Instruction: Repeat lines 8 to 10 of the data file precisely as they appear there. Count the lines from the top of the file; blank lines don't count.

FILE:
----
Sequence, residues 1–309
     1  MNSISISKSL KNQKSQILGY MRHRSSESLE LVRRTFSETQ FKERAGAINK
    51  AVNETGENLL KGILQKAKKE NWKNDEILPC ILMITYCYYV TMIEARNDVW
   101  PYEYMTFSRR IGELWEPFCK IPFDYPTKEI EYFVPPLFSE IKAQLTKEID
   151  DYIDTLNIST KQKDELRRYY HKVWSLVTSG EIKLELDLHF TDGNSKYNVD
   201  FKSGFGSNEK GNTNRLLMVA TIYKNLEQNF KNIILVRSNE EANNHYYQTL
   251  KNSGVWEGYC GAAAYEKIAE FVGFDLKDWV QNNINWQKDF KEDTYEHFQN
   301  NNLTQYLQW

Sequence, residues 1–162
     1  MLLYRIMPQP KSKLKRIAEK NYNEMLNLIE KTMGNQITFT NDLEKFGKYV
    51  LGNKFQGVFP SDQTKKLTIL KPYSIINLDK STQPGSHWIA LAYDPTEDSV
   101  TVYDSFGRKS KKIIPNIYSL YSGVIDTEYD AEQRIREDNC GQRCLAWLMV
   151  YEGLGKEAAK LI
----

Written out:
   301  NNLTQYLQW

Sequence, residues 1–162
     1  MLLYRIMPQP KSKLKRIAEK NYNEMLNLIE KTMGNQITFT NDLEKFGKYV